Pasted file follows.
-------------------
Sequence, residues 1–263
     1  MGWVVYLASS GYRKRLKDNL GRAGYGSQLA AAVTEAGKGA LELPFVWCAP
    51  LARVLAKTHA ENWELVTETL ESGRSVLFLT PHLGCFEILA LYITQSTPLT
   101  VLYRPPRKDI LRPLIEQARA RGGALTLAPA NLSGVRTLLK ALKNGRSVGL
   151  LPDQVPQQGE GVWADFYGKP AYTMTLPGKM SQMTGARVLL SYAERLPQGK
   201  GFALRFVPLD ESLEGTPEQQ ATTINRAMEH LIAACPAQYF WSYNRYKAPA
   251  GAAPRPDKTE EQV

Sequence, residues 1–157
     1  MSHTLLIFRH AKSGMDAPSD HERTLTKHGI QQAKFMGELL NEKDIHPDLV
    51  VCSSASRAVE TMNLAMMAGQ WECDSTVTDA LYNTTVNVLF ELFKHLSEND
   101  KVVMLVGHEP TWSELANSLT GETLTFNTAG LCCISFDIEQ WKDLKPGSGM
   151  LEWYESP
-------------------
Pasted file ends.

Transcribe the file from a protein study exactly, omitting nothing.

Sequence, residues 1–263
     1  MGWVVYLASS GYRKRLKDNL GRAGYGSQLA AAVTEAGKGA LELPFVWCAP
    51  LARVLAKTHA ENWELVTETL ESGRSVLFLT PHLGCFEILA LYITQSTPLT
   101  VLYRPPRKDI LRPLIEQARA RGGALTLAPA NLSGVRTLLK ALKNGRSVGL
   151  LPDQVPQQGE GVWADFYGKP AYTMTLPGKM SQMTGARVLL SYAERLPQGK
   201  GFALRFVPLD ESLEGTPEQQ ATTINRAMEH LIAACPAQYF WSYNRYKAPA
   251  GAAPRPDKTE EQV

Sequence, residues 1–157
     1  MSHTLLIFRH AKSGMDAPSD HERTLTKHGI QQAKFMGELL NEKDIHPDLV
    51  VCSSASRAVE TMNLAMMAGQ WECDSTVTDA LYNTTVNVLF ELFKHLSEND
   101  KVVMLVGHEP TWSELANSLT GETLTFNTAG LCCISFDIEQ WKDLKPGSGM
   151  LEWYESP